Kulvir Bahra

Open University

Kulvir Bahra is currently working as Digital Development Editor at the Open University in FutureLearn Micro-credentials Production team. He has 7 years experience in developing online distance based learning and has a wide range of teaching experience.
Kulvir Bahra

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The proliferation of Massive Open Online Courses suggests a lot of choice in online learning providers, but are the resources available truly accessible for all regardless of ability, when some platforms may be primarily founded on only one kind of experience, digital, or pedagogical?

Quality of learning is more important than choice 

Back in the 1970s information overload was a concept that’s even more true today. We are constantly bombarded with information through a wide range of channels (social media; streaming; radio; podcasts). The abundance of choice is a challenge. How can anyone filter the unnecessary from the essential? It requires an understanding of digital skills, and the critical thinking needed to work out whether information sources are reputable.

With this challenge, it’s difficult to judge the quality of learning from so many competing higher education providers around the world. How do we benchmark quality and relate it to the appropriateness of the learner’s preference? Many discussions within the educational technology world are opinionated rhetoric. An evidence based approach to define and quantify good accessible learning is needed – successful learning is a broad concept that can easily be misinterpreted.  

One approach is to classify all Massive Open Online Courses in an online site, with learner reviews scoring their different qualities and including reviews by users. A series of criteria or online accessible requirements be explained in practical terms. One example is Dhawal Shah’s Class Central site which gives a good narrative view of the landscape in a comparison of all the current platforms.

We must consider socio-economic differences when co-curating online learning content

There is a digital divide both in the UK and globally. In 2018 iNews claimed one in ten adults had no access to the internet. Low income families may also struggle to access adequate internet connections because of the cost. Some may also struggle with the internet without the digital skills to improve their learning further. Having negative experiences of the education system won’t give new generations a good start. This is an opportunity to upskill the nation and the world, at the same time.

From perception to reality

Global learners may see current online learning offerings as a positive step towards democratizing access to education. It allows less advantaged communities to access more learning opportunities which would not be possible in their home countries.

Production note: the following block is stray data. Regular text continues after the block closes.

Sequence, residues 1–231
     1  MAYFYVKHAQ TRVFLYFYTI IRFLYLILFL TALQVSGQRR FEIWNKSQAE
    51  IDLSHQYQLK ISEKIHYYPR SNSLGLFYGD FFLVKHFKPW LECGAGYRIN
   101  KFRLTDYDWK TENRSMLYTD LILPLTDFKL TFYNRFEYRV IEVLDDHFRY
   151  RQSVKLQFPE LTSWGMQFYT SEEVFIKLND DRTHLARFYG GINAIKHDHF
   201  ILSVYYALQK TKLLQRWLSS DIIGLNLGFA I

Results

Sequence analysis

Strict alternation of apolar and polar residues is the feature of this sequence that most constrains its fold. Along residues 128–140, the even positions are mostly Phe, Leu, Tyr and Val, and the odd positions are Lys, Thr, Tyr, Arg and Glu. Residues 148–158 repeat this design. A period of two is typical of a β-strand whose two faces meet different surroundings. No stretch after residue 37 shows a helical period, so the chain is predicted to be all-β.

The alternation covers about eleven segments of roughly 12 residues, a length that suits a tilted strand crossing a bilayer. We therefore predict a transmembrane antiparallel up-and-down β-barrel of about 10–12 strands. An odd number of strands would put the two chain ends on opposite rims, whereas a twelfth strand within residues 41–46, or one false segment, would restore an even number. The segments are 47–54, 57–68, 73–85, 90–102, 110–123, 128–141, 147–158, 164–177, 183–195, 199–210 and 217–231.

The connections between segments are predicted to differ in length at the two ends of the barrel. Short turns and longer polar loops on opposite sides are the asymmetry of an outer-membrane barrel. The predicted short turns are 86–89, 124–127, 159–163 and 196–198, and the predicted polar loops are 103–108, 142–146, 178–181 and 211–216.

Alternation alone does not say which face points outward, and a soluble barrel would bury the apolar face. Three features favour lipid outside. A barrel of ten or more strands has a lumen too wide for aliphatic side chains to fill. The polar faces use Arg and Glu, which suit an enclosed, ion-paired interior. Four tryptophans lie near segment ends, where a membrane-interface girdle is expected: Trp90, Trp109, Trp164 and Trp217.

However, the current offerings from mainly Western developed countries also present subject matters from a culturally biased perspective. Further, global learners might struggle with content in English which is why learning providers will need to consider translated versions to improve levels of engagement for non-native speakers as well as a better understanding of any cultural barriers.

In addition, there may not be the pressure to innovate in the field of online learning in certain developing countries, where the demand for education exceeds the number of available seats at educational institutions.

There may also be technical accessibility issues, not just from the viewpoint that indeed in many countries computer or laptop penetration is much lower than in the West, but also due to accessibility issues. For example, in rural Punjab, India, power cuts are a regular occurrence and can happen without prior notice and, of course, break internet connections. Lost connections frustrate learners and disengage them from participating in online forums. 

The UK and developed countries have basic requirements for compliance with accessibility standards. Most higher education institutions still regard Learning Management Systems and Virtual Learning Environments as a space for saving lecture notes and recordings. But there should be more. Consideration needs to be given to whether content can be developed in a more meaningful way, ensuring that it is adapted to the way students learn, from the adoption of specific accessibility requirements for students with disabilities to the learning experience of all learners.

What’s the next step?

‘Accessibility’ is a wide term that improves access to learning equally, without anyone feeling a special case, ensuring learning content created is accessible to all, regardless of hardware, operating systems, and software. 

As e-learning developers keep up to date with the latest trends in digital technologies, general data protection regulations, policies, and accessibility will allow the right choice of application. This will enable a sustainable long term solution that needs the least amount of improvement or changes.

Questions remain

What have we learned from the learning response to Covid-19 and what will change as a result of this? Is the increase in online learning by schools and universities permanent? 

What have been the effects on children with accessibility issues during this time? Will a lack of preparation and/or resources now have a long-term effect on their learning or their motivation, and how will students be graded? 

What steps will schools take to ensure that seamless learning can occur if this happens again? 

 

 

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